Stephen Gwynn, who died at 86 last Sunday, summed up
his own career rather suggestively in three lines of his entry in Who's Who.
"Came to London, 1906," he wrote, " and commenced author, definitively as journalist, magazine-writer, &c. ; drifted rather into book-writing in later years." Plunged would perhaps be a bettet' term, for Gwynn's output was immense ; he had well over fifty,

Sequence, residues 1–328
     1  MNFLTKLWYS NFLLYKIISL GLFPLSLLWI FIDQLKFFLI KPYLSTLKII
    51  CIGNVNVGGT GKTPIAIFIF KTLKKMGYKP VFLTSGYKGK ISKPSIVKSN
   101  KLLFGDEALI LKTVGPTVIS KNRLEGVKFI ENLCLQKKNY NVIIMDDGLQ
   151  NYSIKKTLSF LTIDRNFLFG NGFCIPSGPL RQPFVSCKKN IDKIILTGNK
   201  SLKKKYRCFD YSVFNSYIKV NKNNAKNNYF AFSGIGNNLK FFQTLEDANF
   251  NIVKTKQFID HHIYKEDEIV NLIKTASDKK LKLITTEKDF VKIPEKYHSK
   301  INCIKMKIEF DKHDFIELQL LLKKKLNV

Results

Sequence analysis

books to his credit. Yet drifted is right, for there is no motif in the writing as a whole. There are several biographies—of R. Pi, Scott, of Mary Kingsley, of Oliver Goldsmith, of Sir Walter Scott, of James Northcote, of R.. L. S.—all very readable but none quite), profound, and with no common strain of interest uniting them A smaller and more concentrated production might have helpe4 the author's reputation more, but Gwynn was writing for a living; and also because a particular topic appealed to him. And though dissipation of talent always involves some sacrifice, the very extent of the ground Gwynn Covered meant that he appealed to man different circles of readers. And it meant that his literary caree overshadowed his by no means negligible political career—partly no doubt, because the latter ended in 1918.
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